Aaliyah Haughton, singer and actress: born New York 16 January 1979; died Marsh Harbour, the Bahamas 25 August 2001.

Aaliyah Haughton, singer and actress: born New York 16 January 1979; died Marsh Harbour, the Bahamas 25 August 2001.

"One of the most misleading things about being famous is the idea that everything associated with fame is fun and glamorous. Sure, I get to travel to new places, but I have jet lag," Aaliyah told Seventeen magazine in 1997. Four years later, the rhythm 'n' blues singer was killed in a plane crash after a video shoot in the Bahamas. She was 22.

Aaliyah was at the forefront of the Nineties' mainstream acceptance of R&B which now sees acts like Destiny's Child and 3LW go straight into the US and UK pop charts. A teen idol who scored her first transatlantic hit with "Back and Forth" in 1994 at the age of 15 and remained a chart presence for the next seven years, she went on to model for the fashion designer Tommy Hilfiger and made her acting début last year opposite the Chinese martial arts legend Jet Li in the film Romeo Must Die.

Her winning combination of stunning sultry looks and girl-next-door appeal as well as her drive and determination had set Aaliyah on her way to Hollywood. She played the title role in the forthcoming movie adaptation of Anne Rice's novel The Queen of the Damned and was due to start shooting the sequel to The Matrix with Keanu Reeves.

Born in Brooklyn, New York, in 1979, Aaliyah – pronounced Ah-Lee-Yah – owed her name to her parents Diane and Michael. While they called her brother Rashad, the prescient Haughtons picked Aaliyah for their daughter because, in Swahili, it meant "highest, most exalted one". In 1984, the family moved to Detroit and, the following year, Aaliyah made her stage début in a production of Annie. "I was acting, singing and dancing and it was heaven," she later admitted. "I've been singing all my life, I've always wanted this. This is what I was trained to do.

Indeed, singing in church, school plays and singing lessons proved only the first steps on the road to stardom. At the age of 11, and thanks to an introduction from her uncle Barry Hankerson, then married to Gladys Knight, Aaliyah was performing with the soul superstar in Las Vegas. Now managed by Hankerson, Aaliyah attended the Detroit High School for the Performing Arts. Between classes, the teenage prodigy appeared on Star Search and in television pilots, and auditioned for various record labels.

While she was in her second year, Hankerson introduced her to the singer and producer R. Kelly, whom he also represented. The pair seemed to hit it off. "The work was new to me and since Robert [R. Kelly] did have the experience, he basically laid out the album," said Aaliyah, rather coyly.

In fact, by the time Aaliyah's appropriately titled début album, Age Ain't Nothing but a Number, was released in 1994 thanks to a deal between Jive Records and Hankerson's own Blackground Enterprises label, rumours about a secret marriage between the under-age singer and R. Kelly had begun to circulate around the industry. Surrounded by an army of PRs and bodyguards, Aaliyah always refused to discuss the issue but VIBE magazine did find a marriage licence listing both performers' names issued in Illinois on 31 August 1994.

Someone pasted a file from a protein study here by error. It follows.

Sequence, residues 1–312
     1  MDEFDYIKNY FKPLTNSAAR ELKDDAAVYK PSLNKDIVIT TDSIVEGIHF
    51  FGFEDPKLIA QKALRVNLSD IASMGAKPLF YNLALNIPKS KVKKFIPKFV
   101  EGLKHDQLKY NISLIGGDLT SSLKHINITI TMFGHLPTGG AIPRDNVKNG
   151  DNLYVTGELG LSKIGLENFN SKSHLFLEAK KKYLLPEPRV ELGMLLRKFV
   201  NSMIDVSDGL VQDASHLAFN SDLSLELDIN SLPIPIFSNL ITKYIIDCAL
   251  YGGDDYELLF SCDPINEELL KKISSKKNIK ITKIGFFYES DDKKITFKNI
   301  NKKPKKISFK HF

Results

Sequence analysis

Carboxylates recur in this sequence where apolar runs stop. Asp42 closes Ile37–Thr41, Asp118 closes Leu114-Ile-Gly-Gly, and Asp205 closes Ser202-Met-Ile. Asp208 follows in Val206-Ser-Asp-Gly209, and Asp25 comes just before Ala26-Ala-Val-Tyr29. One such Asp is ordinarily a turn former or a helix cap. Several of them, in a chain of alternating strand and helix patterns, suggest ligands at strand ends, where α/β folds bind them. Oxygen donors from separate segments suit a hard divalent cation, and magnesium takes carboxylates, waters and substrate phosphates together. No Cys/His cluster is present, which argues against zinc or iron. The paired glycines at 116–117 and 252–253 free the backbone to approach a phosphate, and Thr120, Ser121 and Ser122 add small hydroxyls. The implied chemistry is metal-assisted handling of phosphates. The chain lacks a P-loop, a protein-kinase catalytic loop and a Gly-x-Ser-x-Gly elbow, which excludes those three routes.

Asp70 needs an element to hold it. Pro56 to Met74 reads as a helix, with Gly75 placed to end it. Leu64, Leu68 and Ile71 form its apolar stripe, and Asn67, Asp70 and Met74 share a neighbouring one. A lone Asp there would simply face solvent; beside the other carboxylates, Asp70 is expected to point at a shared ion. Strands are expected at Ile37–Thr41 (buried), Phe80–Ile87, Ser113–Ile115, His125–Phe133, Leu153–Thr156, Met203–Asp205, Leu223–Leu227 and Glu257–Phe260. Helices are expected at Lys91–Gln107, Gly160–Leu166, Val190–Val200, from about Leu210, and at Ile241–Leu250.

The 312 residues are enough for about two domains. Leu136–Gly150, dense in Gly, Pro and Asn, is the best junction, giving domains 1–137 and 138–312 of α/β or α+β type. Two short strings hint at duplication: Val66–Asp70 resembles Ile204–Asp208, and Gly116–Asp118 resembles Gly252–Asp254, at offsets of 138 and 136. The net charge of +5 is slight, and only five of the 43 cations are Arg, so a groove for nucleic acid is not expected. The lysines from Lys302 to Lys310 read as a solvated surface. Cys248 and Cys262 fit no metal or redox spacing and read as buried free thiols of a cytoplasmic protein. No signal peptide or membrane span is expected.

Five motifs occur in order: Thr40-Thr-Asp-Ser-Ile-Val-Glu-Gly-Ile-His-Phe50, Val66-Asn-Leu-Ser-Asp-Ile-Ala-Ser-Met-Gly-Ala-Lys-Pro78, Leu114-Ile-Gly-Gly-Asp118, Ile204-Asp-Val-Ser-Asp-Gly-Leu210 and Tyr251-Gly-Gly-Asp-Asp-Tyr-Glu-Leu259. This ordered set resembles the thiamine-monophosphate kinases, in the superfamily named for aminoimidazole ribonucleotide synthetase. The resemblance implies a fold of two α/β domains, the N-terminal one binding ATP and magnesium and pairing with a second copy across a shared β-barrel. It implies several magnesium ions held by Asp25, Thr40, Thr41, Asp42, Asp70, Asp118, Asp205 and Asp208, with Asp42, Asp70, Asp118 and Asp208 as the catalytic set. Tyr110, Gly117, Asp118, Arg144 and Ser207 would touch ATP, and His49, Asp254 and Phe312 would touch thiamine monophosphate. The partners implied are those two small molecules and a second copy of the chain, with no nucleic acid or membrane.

Whatever the truth behind the allegations, Aaliyah continued her education, graduating in 1997. She scored several hit singles in the UK with "Back and Forth", "(At Your Best) You Are Love", "Down with the Clique" and "The Thing I Like" as well as the title-track of her début album (a million-seller in the US).

In 1996, the singer silenced the rumours about her private life by moving to Atlantic Records and enlisting the support of producers such as Jermaine Dupri and Timbaland for her second album, One in a Million, which went double platinum in the US.

More recently praised for his work with Missy Elliott, Timbaland also produced "Are You That Somebody?", the transatlantic hit single Aaliyah contributed to the soundtrack of the film Doctor Dolittle starring Eddie Murphy in 1998. Timbaland was also one of the many producers behind Aaliyah's eponymously titled third album released this July on Virgin Records.

"It's fun to be creative and innovative and come up with something crazy. So I need people to work with who are not going to be afraid to take it to the left a bit," confessed the singer, who didn't write any of her material.

I like to have the final say but I was trained as a singer, actress and dancer, the interpreter, bringing other people's words to life. I need the songs to reflect me in one way or another.

Hearing her sensuous soprano drift over the staccato rhythms of last year's Grammy-nominated single "Try Again" – a Top Ten hit on both sides of the Atlantic – one can almost understand why Aaliyah could inspire an army of lookalikes in Japan. The song appeared in Romeo Must Die, a radical, hyper-violent take on starstruck lovers across the racial divide à la West Side Story in which she made her acting début.

In 1998, Aaliyah had already performed "Journey from the Past", the theme song from the animated movie Anastasia at the Oscars and seemed even more at home in Hollywood than on the front page of US teen magazines.

A fan of the horror writer Stephen King and movies such as Silence of the Lambs and The Lost Boys, Aaliyah especially relished her part in The Queen of the Damned. She described it as her

dream role. I play an ancient vampire, four centuries old. A manipulative, crazy, sexual being. I have an affinity for edgy things. There's a bit of a dark side to me.

However, this diva in the making wasn't afraid to admit that she liked "to laugh and be a silly girl. Sometimes, when it's just me and my mom kicking it, I say: I'm 22 and I've accomplished so much," reflected Aaliyah. "I just know that I have to appreciate every moment."

Pierre Perrone